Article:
Brodsky vs. Bloomberg Over Yankee Stadium Hearing

richardbrodsky 2 Brodsky vs. Bloomberg Over Yankee Stadium HearingAssemblyman Richard Brodsky, on a nearly seven-month campaign to battle the issuance of $430 million in additional tax-exempt bonds for the new Yankee Stadium, wants a hearing next week on the project, but the city is not eager to attend.

This morning, Mr. Brodsky sent out a press release announcing that he was holding a hearing on Wednesday on the stadium deal, a day before the city holds its public hearing for the bonds. He invited two representatives of the city, Seth Pinsky, the president of the Economic Development Corporation, and Derek Park, who is the vice-chair of the agency that approves the bonds.

"The City’s attempt to ram through this complicated project without disclosure of its implications is not acceptable as the Legislature considers what changes in State law it ought to be making," Mr. Brodsky said in a statement.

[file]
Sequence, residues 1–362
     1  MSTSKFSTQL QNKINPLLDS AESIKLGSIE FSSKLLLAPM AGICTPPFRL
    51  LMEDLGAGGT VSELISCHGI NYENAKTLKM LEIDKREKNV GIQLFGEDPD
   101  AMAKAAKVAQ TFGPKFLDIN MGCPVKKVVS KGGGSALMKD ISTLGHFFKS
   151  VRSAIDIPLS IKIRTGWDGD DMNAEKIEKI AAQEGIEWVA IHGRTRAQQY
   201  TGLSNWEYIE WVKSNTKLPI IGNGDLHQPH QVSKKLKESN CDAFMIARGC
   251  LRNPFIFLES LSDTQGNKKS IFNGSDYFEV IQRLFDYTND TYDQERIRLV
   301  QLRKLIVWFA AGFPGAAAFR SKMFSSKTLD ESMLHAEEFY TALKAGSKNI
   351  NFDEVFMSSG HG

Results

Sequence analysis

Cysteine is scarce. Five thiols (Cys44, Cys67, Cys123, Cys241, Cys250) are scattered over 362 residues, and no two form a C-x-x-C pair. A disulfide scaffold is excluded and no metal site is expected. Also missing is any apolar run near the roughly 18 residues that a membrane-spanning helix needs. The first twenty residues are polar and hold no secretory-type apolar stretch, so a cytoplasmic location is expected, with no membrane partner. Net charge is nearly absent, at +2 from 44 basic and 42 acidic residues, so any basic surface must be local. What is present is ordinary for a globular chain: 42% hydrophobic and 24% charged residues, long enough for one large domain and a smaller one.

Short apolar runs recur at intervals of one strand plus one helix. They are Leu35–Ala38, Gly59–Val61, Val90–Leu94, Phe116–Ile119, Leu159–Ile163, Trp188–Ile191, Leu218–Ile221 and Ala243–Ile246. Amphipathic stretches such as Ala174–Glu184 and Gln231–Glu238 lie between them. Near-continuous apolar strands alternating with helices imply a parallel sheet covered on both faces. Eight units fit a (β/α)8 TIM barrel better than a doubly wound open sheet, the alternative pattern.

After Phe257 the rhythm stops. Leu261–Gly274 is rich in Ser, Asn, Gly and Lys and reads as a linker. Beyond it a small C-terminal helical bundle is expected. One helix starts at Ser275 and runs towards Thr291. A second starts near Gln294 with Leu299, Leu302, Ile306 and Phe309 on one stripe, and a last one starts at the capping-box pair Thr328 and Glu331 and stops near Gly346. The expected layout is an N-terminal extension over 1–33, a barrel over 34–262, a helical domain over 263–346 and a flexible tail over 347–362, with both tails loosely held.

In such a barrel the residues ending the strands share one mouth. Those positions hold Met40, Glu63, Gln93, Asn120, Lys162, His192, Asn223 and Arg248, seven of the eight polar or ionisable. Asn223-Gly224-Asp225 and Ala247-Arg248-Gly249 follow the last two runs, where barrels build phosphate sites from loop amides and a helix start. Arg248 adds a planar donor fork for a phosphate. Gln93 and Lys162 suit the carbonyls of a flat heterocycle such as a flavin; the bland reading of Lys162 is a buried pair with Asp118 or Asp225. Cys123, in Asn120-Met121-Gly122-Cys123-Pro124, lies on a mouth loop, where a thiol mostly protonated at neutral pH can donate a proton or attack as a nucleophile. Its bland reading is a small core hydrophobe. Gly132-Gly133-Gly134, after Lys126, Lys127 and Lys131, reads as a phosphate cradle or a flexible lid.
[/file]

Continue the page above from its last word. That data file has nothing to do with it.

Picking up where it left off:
In a letter today, the Bloomberg administration fired back, rebuffing Mr. Brodsky by saying the officials did not have time to attend. In addition to the bond hearing on the following day, the mayor is scheduled to deliver his State of the City speech next Thursday, the day after Mr. Brodsky’s scheduled hearing.

Safe to assume Mr. Brodsky and the mayor have a less than cheery relationship. Earlier this week, the mayor responded to questions about charges from Mr. Brodsky by saying: “Assemblyman Brodsky is criticizing everything,” and, “I just don’t have enough time to answer every one of Brodsky’s complaints.”

A note on the tax-free bonds: The bonds do not represent direct subsidy or taxpayer money themselves. As tax-exempt bonds, investors generally save somewhere in the range of one-fifth of the cost of the bonds when they are tax-exempt, with the bulk of those savings coming out of federal tax rolls (the investors that buy the bonds don’t have to pay tax on their gains, and therefore can offer the bonds at a lower rate).

Full response in the city’s letter here, which also includes a lengthy set of other letters to the assemblyman.